Last Updated on September 25, 2019, by eNotes Editorial. Word Count: 394
Henry is a man of character and virtue, who embodies, for Twain, the ideal American. His courage is shown by his survival upon first arriving, utterly penniless, in London. Later on, his principle is demonstrated in his decision to support his friend Hastings. But Twain is clear that men like Henry also require a certain degree of good fortune—good fortune which comes to them by virtue of their good natures. Henry’s first lucky stroke was his being rescued from his certain doom by a passing ship and taken to London. His second was in being selected by the two elderly gentlemen for their bet, and his third was Portia’s relationship to one of the men wagering on his character.
A woman of the British aristocracy, Portia responds warmly to the honesty and earnestness of her American friend Henry. She herself seems very light-hearted, given the delight she takes in Henry’s being involved in her stepfather’s bet. She obviously has a sense of fun, withholding the information concerning her paternity from him until the last moment.
The Two English Gentlemen ("Brother A" and "Brother B")
Two wealthy English gentlemen, whose wealth enables them to make casual wagers with large sums of money, encounter Henry after he arrives in London. Both men are very interested in the notion of common human decency, but where Portia’s stepfather ("Brother B") has faith in the human character, believing that honesty and industry can be relied on in any random individual, his brother is less certain. Both men demonstrate their faith in the nineteenth-century notion of physiognomy, given their selection of Henry on the basis of his having an honest face. With Henry’s return, Portia’s stepfather is only too glad to comply in his stepdaughter’s marrying such a capable and principled individual.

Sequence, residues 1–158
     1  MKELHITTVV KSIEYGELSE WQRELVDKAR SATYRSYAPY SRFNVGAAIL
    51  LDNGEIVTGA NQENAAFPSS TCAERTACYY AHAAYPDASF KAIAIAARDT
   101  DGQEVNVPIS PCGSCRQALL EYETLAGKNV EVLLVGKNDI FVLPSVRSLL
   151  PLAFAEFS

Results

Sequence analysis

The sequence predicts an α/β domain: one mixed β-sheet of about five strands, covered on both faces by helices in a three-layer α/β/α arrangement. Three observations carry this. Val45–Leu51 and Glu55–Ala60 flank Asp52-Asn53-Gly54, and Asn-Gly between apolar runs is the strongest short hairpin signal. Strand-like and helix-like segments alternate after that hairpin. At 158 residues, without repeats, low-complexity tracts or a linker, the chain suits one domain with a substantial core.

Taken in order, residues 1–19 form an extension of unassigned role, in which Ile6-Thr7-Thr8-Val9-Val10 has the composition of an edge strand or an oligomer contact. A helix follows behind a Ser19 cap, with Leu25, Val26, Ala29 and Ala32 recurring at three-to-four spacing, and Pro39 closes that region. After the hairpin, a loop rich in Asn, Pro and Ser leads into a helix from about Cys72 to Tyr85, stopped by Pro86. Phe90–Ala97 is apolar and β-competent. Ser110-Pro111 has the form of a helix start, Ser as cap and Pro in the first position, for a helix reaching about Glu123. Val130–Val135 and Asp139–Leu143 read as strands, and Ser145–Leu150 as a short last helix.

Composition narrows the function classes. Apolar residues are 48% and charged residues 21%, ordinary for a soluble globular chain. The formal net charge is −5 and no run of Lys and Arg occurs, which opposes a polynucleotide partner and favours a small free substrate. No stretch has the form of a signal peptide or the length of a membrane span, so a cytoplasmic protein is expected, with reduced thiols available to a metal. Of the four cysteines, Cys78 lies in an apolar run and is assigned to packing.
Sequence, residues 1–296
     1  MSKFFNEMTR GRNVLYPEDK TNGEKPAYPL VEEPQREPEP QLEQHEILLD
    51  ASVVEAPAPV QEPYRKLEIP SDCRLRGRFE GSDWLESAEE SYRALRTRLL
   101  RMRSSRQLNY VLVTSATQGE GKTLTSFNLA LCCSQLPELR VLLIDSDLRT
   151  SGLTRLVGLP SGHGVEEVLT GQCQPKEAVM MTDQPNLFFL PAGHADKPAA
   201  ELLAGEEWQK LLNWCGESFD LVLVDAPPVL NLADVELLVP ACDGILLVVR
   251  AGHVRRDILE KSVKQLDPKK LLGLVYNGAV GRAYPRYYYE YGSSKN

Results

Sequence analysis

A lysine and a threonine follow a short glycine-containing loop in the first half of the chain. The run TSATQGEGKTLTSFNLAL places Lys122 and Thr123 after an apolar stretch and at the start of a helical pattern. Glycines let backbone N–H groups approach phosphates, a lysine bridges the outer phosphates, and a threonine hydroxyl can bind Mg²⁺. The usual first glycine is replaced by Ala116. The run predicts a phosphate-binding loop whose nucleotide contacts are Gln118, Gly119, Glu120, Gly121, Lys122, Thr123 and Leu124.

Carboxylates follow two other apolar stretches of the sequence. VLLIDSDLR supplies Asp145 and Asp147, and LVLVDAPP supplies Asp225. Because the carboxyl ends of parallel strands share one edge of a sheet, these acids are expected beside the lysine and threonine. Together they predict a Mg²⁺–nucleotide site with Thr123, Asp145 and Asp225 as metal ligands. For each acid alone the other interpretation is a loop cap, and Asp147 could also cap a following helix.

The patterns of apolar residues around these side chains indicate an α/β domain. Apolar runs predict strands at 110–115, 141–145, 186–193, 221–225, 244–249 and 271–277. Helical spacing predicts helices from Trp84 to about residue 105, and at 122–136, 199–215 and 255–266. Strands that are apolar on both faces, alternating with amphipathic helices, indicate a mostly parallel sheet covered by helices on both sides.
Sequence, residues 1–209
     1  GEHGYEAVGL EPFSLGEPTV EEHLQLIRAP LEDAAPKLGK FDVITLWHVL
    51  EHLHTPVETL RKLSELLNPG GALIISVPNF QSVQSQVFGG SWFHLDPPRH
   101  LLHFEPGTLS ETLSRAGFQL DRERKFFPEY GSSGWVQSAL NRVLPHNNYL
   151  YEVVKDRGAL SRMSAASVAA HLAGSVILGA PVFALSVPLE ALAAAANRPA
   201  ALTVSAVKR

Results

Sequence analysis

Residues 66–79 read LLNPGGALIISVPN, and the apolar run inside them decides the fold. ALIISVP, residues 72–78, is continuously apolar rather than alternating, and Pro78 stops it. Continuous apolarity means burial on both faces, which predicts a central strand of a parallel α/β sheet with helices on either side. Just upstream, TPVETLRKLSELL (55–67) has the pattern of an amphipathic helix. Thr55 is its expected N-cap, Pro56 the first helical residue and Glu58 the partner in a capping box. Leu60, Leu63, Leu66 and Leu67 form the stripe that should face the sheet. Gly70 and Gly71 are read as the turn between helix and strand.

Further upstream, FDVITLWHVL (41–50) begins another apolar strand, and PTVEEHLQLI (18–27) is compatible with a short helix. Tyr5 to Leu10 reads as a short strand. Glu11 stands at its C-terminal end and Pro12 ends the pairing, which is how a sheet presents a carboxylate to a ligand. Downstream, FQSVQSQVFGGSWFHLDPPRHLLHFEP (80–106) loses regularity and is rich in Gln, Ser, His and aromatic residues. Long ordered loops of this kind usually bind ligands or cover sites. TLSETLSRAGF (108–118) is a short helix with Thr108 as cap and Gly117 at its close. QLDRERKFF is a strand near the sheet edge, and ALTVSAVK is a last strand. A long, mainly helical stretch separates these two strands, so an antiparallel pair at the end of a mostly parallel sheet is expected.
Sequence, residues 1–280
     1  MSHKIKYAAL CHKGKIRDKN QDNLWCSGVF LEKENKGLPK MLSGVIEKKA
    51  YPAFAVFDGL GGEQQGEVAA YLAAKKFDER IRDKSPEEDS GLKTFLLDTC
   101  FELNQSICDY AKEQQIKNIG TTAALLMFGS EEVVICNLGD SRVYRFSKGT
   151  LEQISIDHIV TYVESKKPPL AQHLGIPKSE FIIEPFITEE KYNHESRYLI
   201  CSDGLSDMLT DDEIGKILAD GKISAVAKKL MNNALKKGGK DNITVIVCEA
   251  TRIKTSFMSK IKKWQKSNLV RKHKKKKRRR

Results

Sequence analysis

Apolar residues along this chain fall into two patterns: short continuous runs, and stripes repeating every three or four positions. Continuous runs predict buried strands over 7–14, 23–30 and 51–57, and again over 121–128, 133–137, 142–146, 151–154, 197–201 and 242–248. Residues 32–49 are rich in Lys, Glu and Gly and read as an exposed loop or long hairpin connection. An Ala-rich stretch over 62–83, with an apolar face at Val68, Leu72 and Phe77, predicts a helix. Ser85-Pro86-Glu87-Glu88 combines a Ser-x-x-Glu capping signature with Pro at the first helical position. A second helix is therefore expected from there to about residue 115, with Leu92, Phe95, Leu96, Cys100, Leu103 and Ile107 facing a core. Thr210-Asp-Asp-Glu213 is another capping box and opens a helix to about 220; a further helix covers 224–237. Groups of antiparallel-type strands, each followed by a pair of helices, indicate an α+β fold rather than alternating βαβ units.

Henry’s former colleague from San Francisco, Hastings was involved in mining during the Californian Gold Rush. He has fallen on hard times recently and has come to London in order to sell his mining interests. Henry’s decision to support Hastings leads him to achieving the financial self-sufficiency that proves his worth to Portia and her stepfather.
The first man to trust Henry and give him credit for his meal, this restaurant owner is repaid by the American, who makes his restaurant famous throughout London.
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